Kim Naylor's Fishing Floats

Author: Reflecting Spirit
Posted: Tuesday October 18th, 2016 @ 11:37am


Kim Naylor's Fishing Floats


Glass Fishing Float

                Photo by Kim Naylor

 

There is something about the ocean, which compels and fascinates. It is both loved and feared. It can be fierce and stormy but also serene, warm and inviting. It is a great mystery in itself. Throughout time, the oceans have given birth to many myths and legends. And after big storms, treasures are sometimes washed up onto the shore waiting to be discovered. I am not talking about pirate chests full of gold, but rather objects that fascinate beachcombers, artists and collectors; the hand blown glass fishing floats.

 

Collected for their beauty, history and journey, glass fishing floats are one of the rarest, most coveted beachcomb finds. They were first produced in Norway around 1840, in Japan around 1910 and were also intensively used throughout much of Europe, Russia and North America between 1940 and 1980. Ranging from 1.5 to 20 inches in diameter, the glass floats were used to buoy the vast webs of commercial fishing nets all over the Pacific Ocean. Although they have since been replaced by aluminum, plastic, or Styrofoam floats, most of the original ones remain stuck in a circular pattern in the ocean currents of the North Pacific and this is where they will remain until a storm sets them free and brings them to shore.

 

Handmade by a gAuthentic Fishing Floatlassblower, recycled glass was typically used to make the vintage glass fishing floats. They characteristically have a plug or button of glass at the bottom to fill the hole left by the blowpipe used during the turning and blowing process of the glass. The fishing floats are usually round, but occasionally cylindrical floats shaped like rolling pins and dual floats were made. Most of them are shades of blue or sea-green, the color of recycled bottles; others are clear, amber, aquamarine, amethyst, blue, cranberry, purple, yellow and orange. The most prized are the red floats, as a small amount of gold in the glass was needed to create the colour, only rarely were they produced. When beachcombing, the beauty and the colours of these unique spheres truly stand out from the landscape when the sun shines through the glass as they hide above the tideline among the pieces of driftwood, the high grass or while tangled in shore-washed kelp. Finding one of these glowing treasures along the beach brings a sense of wonder to whoever finds them and this feeling is part of the fascination collectors and beachcombers have for them.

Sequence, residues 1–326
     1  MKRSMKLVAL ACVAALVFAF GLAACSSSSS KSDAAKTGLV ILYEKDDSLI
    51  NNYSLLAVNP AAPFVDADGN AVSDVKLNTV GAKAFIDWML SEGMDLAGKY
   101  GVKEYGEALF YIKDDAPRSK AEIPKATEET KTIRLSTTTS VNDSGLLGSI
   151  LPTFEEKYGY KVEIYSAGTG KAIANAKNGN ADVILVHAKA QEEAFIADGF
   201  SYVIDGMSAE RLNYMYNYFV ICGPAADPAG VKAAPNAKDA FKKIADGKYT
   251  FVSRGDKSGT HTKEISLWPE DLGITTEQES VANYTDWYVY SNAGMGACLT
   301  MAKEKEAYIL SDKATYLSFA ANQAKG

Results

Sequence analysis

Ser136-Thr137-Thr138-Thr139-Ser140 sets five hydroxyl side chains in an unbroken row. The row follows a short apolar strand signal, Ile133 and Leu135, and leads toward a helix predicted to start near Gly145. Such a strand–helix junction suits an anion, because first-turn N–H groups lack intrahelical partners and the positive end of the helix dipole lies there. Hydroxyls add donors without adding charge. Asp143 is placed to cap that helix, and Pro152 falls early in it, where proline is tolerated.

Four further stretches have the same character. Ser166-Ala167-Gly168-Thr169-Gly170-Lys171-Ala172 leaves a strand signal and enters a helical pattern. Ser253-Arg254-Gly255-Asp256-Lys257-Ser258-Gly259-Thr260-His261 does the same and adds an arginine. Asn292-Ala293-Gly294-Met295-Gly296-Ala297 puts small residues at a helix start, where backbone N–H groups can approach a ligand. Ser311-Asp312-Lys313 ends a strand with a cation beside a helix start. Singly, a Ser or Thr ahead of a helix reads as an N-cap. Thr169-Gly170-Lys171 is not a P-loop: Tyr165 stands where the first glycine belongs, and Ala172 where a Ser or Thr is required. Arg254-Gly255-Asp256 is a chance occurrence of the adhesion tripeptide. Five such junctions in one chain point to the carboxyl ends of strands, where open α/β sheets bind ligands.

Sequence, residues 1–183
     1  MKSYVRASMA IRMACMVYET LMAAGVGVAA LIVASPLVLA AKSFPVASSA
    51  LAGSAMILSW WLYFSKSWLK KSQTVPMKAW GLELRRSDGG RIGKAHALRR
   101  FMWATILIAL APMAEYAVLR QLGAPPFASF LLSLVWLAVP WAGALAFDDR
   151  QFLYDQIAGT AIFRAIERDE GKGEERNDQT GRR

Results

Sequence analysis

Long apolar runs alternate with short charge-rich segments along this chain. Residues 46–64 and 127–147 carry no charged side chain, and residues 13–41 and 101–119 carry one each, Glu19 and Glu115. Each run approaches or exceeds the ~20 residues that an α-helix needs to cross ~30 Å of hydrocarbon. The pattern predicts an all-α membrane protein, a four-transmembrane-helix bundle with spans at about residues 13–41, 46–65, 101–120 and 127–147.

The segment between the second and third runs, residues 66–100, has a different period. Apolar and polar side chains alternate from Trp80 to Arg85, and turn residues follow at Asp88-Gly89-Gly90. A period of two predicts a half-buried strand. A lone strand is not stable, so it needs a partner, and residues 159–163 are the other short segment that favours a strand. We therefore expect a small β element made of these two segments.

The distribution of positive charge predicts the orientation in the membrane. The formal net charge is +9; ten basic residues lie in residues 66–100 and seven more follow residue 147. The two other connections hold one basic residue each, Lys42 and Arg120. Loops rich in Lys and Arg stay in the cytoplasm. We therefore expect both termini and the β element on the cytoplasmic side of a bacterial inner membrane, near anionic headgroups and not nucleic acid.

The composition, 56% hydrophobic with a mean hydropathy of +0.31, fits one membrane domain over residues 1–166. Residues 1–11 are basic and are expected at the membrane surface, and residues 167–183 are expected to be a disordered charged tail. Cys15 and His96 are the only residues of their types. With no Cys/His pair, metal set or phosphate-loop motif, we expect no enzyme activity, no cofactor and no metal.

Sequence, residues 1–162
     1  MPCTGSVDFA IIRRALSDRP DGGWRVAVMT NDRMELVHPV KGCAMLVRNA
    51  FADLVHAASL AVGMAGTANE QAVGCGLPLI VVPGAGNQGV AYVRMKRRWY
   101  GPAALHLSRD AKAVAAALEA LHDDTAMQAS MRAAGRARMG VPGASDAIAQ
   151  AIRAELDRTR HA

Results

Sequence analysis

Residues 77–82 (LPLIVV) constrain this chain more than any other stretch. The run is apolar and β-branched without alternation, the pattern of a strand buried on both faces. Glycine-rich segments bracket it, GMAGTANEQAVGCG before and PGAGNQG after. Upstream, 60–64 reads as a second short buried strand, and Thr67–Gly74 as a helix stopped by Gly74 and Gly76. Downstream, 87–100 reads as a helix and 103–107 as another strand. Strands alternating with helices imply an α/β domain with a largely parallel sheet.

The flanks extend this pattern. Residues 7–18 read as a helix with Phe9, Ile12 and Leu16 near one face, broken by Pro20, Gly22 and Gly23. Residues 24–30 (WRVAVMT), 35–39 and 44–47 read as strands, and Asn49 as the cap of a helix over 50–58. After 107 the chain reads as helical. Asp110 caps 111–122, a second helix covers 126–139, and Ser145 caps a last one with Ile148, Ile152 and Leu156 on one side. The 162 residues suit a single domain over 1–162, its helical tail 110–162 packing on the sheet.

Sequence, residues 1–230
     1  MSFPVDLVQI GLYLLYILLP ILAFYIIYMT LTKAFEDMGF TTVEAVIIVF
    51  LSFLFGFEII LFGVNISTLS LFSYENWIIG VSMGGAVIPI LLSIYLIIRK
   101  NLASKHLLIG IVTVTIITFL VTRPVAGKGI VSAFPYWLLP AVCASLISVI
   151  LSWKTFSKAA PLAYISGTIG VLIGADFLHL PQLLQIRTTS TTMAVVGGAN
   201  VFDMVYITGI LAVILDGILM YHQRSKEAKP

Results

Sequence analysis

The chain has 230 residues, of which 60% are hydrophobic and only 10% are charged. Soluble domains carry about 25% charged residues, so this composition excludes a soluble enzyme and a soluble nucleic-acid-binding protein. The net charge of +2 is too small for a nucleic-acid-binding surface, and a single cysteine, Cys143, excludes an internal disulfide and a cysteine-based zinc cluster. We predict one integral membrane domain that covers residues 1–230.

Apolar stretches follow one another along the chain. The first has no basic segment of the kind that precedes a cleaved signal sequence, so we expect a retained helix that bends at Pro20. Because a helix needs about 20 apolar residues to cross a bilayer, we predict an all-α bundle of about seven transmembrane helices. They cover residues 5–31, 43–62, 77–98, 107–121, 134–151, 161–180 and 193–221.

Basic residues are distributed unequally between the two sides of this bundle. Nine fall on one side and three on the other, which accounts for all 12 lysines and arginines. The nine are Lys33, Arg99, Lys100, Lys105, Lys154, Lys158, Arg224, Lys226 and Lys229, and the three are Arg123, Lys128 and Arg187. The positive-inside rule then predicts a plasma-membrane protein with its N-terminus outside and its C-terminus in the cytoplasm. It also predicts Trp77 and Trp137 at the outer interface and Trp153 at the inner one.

Kim NaylorGrowing up in a family of fishermen in Prince Rupert, on the north coast of British Columbia, artist Kim Naylor has always been attracted to the beauty and mystery of the glass fishing floats that embellished her grandparent’s house. It is then not surprising to see how this artist transforms the floats that fascinated her as a child into unique decorative floats, bowls, candleholders and jewellery pieces. Last week, I had the chance to interview Kim and asking her about the beginning of her artistic career; she told me: “Everything started one day, when my grandmother asked me if I could repair one of my grandfather's lavender floats. I used stained glass technique to put the pieces back together and give a new life to the broken float”.